There is growing recognition among traditional learning providers such as schools and colleges that online learning can provide a solution to some of their greatest challenges. In these days of budget cuts and falling school rolls, it has become ever more difficult to provide children and young people with a full range of course options, especially at GCSE and A’Level or higher. Some schools and colleges have addressed this issue by offering joint courses with neighbouring schools. Although this is an effective solution in some situations, it can be costly and impractical in rural areas where schools are spread far apart and pupils may have to travel by bus for an hour or more to reach shared classrooms. Online schools such as the UK-based Interhigh offer a different alternative – lessons are delivered through live online classes to students who may be widely spread geographically.
My son is in a class of 12 children for most subjects and they sign in to school from across the globe. Some of his teachers are also outside the UK, giving a wonderful, international feel to classes. The classes are interactive and engaging – I’m sure he is much more involved than he would be in a traditional classroom with 30+ children and many distractions. Over the months, the children have all become good friends, there is a real community atmosphere.
Diane Smith, Parent.
Government ministers in New Zealand have recently proposed the development of online schools, to be known as Communities of Online Learning (COOL), for school-age children. The schools would be offered as an alternative to attending a regular school. New Zealand schools already have the option to enrol children with Te Kura for subjects where no teacher was available. Te Kura is a distance learning provider for children from early childhood to Year 13. It is New Zealand’s largest school with around 25,000 pupils enrolled at any one time.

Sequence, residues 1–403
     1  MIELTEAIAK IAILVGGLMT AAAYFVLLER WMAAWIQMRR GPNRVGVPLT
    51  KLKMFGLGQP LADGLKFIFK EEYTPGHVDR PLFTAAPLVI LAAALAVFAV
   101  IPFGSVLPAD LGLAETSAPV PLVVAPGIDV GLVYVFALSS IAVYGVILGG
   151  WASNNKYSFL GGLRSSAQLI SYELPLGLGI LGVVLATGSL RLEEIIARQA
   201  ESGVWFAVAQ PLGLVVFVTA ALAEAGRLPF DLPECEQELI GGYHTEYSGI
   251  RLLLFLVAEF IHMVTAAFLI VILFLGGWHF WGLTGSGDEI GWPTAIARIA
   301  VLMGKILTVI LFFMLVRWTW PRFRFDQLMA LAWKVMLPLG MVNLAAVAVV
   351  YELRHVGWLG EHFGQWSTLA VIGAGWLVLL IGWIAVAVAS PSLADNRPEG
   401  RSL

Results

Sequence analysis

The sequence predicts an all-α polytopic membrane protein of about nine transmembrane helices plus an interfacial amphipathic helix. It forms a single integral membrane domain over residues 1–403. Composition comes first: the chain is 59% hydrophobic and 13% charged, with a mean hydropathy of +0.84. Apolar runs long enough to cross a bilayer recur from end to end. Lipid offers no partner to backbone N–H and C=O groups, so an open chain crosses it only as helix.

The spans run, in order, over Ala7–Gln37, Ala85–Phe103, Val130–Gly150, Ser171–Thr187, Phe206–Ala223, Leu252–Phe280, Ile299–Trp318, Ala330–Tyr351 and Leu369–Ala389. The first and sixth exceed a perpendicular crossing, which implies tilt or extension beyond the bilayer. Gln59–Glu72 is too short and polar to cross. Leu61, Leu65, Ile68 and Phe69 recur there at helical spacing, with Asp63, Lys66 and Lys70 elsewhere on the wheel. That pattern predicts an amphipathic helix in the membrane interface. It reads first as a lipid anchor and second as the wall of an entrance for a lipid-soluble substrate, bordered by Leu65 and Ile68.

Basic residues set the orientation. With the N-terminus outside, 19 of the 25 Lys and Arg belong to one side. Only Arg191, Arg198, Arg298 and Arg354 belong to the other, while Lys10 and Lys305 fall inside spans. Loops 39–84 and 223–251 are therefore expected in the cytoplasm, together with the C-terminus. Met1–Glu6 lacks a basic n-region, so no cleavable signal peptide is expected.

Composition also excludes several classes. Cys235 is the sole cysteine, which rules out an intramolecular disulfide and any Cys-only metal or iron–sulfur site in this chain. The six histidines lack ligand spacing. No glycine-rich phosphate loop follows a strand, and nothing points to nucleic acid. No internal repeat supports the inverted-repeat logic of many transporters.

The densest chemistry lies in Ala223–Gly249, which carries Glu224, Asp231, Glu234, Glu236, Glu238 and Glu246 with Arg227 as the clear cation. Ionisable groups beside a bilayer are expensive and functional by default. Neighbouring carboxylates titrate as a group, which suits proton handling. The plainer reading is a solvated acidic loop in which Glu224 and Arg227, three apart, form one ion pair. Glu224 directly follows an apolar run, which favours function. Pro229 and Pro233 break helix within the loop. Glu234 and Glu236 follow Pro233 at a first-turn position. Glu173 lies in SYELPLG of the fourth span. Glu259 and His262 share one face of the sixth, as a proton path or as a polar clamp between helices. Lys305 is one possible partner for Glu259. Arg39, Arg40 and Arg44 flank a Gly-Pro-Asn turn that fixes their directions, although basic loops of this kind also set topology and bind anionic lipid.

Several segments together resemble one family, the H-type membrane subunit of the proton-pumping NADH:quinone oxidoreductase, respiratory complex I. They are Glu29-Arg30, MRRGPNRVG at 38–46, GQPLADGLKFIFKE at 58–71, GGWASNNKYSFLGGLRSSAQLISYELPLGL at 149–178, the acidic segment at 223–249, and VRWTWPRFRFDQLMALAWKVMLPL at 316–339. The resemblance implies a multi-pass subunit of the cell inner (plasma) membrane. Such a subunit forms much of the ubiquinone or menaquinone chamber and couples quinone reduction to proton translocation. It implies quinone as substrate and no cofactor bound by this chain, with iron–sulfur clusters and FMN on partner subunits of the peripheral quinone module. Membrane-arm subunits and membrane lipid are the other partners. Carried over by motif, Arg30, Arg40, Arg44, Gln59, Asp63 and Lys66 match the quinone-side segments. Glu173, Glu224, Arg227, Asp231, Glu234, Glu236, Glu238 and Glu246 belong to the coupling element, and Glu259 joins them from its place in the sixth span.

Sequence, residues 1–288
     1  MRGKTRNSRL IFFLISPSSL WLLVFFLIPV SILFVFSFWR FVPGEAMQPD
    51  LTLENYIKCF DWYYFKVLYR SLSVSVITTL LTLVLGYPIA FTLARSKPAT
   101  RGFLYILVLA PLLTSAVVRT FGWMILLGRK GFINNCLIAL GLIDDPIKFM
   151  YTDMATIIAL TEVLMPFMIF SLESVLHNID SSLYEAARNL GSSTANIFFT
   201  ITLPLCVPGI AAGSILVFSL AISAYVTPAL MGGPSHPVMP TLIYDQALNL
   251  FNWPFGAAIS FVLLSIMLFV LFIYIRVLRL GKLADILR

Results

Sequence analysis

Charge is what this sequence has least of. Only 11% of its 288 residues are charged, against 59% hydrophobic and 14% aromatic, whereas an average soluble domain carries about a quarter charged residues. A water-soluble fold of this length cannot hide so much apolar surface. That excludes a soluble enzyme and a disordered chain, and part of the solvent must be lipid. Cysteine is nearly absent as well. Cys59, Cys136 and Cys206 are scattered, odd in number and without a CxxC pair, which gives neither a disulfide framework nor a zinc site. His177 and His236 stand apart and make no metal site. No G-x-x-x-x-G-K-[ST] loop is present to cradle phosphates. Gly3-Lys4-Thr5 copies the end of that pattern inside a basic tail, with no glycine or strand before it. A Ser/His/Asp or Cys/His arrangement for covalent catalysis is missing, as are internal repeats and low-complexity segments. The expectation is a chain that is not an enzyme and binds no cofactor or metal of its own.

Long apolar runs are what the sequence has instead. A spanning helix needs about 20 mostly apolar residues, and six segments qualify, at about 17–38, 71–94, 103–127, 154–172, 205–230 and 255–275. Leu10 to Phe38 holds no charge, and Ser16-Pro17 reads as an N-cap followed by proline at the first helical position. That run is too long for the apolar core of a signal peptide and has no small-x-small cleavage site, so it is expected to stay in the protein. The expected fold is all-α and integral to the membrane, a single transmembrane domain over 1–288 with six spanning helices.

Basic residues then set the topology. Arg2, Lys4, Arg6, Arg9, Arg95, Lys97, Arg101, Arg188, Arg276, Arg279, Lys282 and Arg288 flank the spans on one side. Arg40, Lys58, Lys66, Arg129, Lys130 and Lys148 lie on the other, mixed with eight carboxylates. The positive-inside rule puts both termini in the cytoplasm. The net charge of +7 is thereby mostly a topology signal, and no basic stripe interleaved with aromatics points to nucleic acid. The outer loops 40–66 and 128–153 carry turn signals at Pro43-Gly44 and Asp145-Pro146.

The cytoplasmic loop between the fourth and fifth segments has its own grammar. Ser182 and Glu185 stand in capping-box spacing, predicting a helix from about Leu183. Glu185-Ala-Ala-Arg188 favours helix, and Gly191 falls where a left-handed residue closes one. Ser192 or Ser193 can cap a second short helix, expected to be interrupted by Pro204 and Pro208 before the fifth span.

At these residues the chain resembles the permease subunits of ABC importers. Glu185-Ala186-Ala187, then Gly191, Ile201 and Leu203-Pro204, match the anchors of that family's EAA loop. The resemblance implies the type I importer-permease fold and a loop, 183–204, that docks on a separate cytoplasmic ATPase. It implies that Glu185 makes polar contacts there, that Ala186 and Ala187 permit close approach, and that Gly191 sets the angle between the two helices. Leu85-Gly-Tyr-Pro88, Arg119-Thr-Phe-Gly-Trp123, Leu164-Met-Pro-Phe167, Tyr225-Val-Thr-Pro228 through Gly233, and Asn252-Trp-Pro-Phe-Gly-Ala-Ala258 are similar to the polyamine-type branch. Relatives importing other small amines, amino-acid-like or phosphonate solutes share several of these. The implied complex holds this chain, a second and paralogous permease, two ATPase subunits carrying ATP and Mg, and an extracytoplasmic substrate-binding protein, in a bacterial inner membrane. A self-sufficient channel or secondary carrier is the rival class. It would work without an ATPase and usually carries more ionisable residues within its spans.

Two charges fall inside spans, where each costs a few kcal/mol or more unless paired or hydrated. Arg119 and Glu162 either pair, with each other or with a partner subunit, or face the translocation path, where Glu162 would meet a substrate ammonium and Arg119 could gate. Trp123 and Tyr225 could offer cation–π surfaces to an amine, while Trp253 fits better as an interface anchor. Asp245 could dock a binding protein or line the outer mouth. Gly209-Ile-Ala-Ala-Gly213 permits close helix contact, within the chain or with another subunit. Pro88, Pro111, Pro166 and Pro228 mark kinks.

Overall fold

Of course, at college and university level, online education is long-established, with many institutes now offering online learning options for the majority of their courses. Access to online learning allows students to learn from the best minds in their field, wherever they are located. Online learning is a particularly popular option among mature students who need to fit study around work and family commitments.
Online learning is also cheaper to provide than traditional learning, helping cash-strapped students to keep costs down. ‘Cheaper’ in this context does not mean ‘worse’; in many respects, online learning offers much broader options allowing us to create learning opportunities that accommodate the individual’s unique learning needs. But making the most of the possibilities offered by online learning does require teaching staff to adjust their thinking and approach teaching in a new way.
I think what we’re saying is that online learning is not an alternative to traditional learning, rather it’s an additional option. In many cases, we can provide our students with the best learning experiences by combining online learning with traditional, face-to-face classroom experience.
Julia Davies, Teacher